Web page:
I just built a root cellar. It makes me happy. I am wondering whether I could do something like inoculate the space with a beneficial fungus that might discourage any mold growth. I understand that it's important to keep the humidity down and that should help with mold. I also live in a drier climate, so it's not a huge concern. But it would be nice, if possible.
Molds are fungi, so I don't know what type of interfungal war you want to set up. If you grow a particular type of mushroom in your root cellar, those spores will come to predominate and will outcompete other molds that might be present.
I've set up almost that situation in my refrigerator. I really like bleu cheese, and am constantly bringing in new sources of those Penicillium spores. If I neglect a container of yogurt or an opened package of cheese for a week, I see little green colonies of Penicillium starting to take up residence. Some times it is welcome, sometimes it is not. But my refrigerator does have the power of turning cheap bargain basement cheese into a reasonable imitation of gorgonzola or roquefort. I suppose if I get tired of this new super power, I could empty the refrigerator, take it outside and give it some bleach and sunshine, but for now I kind of like it.
Depends what you keep in the cellar I think. Introducing beneficial bacteria and white molds (like with Bactoferm) are great for cheese and sausage and brined stuff, not sure what they would do to potatoes, carrots, or apple. I'm not sure that would work well with those. Your topic made me think of growing edible mushrooms in the cellar, spore plugs on logs maybe, could make a great environment for it actually. Those might out compete the baddies too.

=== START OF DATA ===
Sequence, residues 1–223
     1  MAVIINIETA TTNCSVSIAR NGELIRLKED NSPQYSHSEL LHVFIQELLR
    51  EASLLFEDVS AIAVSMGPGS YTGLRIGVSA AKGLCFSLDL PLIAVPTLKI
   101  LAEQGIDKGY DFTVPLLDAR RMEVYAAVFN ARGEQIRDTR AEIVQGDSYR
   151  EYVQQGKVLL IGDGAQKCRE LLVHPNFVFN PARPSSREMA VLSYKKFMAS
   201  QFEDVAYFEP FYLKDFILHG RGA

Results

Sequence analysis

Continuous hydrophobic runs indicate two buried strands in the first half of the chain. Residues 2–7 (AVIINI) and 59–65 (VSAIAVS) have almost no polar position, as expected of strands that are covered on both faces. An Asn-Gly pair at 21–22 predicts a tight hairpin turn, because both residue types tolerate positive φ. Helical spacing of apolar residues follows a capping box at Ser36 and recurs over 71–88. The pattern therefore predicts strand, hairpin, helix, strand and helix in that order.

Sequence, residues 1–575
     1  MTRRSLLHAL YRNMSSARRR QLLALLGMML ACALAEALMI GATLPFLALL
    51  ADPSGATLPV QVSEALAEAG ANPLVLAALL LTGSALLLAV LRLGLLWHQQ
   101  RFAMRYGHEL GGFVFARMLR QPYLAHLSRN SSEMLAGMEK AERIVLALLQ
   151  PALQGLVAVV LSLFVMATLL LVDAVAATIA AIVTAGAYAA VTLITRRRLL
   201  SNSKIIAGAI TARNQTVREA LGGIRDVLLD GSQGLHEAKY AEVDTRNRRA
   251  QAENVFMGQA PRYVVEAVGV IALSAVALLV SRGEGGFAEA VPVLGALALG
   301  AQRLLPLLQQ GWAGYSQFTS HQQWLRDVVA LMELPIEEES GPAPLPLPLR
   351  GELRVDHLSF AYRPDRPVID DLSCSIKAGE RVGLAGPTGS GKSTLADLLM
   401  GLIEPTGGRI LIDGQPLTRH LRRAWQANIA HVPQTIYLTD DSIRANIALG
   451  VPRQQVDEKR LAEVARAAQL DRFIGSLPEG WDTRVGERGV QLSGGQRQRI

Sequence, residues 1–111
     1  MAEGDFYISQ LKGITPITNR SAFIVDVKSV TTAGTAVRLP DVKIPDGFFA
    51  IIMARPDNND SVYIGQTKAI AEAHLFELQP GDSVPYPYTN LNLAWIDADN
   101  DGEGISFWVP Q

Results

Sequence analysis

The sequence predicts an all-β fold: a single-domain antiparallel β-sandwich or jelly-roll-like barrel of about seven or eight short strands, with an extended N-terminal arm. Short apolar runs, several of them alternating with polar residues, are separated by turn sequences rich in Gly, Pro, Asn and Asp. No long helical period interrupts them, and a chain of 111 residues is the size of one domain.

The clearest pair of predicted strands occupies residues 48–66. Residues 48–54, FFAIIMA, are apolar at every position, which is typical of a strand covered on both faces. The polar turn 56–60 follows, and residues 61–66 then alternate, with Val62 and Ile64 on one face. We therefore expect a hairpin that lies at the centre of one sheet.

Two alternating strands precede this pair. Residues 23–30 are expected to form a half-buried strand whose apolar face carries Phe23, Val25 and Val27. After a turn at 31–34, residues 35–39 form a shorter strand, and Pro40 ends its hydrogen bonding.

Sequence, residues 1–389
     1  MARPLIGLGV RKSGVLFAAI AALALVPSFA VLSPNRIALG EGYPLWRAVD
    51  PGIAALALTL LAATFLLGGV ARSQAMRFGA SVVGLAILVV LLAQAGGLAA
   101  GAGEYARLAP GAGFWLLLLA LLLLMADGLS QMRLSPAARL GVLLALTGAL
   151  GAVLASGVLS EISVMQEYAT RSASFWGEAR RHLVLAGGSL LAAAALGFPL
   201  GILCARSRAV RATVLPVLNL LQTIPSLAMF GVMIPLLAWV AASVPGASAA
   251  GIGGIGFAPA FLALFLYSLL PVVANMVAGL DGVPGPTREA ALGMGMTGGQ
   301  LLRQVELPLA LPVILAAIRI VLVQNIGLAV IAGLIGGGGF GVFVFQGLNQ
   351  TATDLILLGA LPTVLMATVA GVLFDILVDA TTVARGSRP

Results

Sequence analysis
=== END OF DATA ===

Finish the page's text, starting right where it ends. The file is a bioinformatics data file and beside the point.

Stephen Lloyd wrote:I have heard that charcoal is useful for keeping humidity levels low. Any other things work like that?
Mostly I keep meads, ales, wines and other fine drink in the cellar. And veggies.
Yeah, but not nearly as permie. I think it is calcium chloride-the same stuff as damp rid and the good icemelt. It will collect water until it overflows the bucket. Save the brine-you can use it to keep dust down on gravel or dirt drives in the summer or spray as icemelt in the winter. Same as the spray pretreat DOT uses, and you can with a cheap pump sprayer too. Much safer to treat steps before they get slick.
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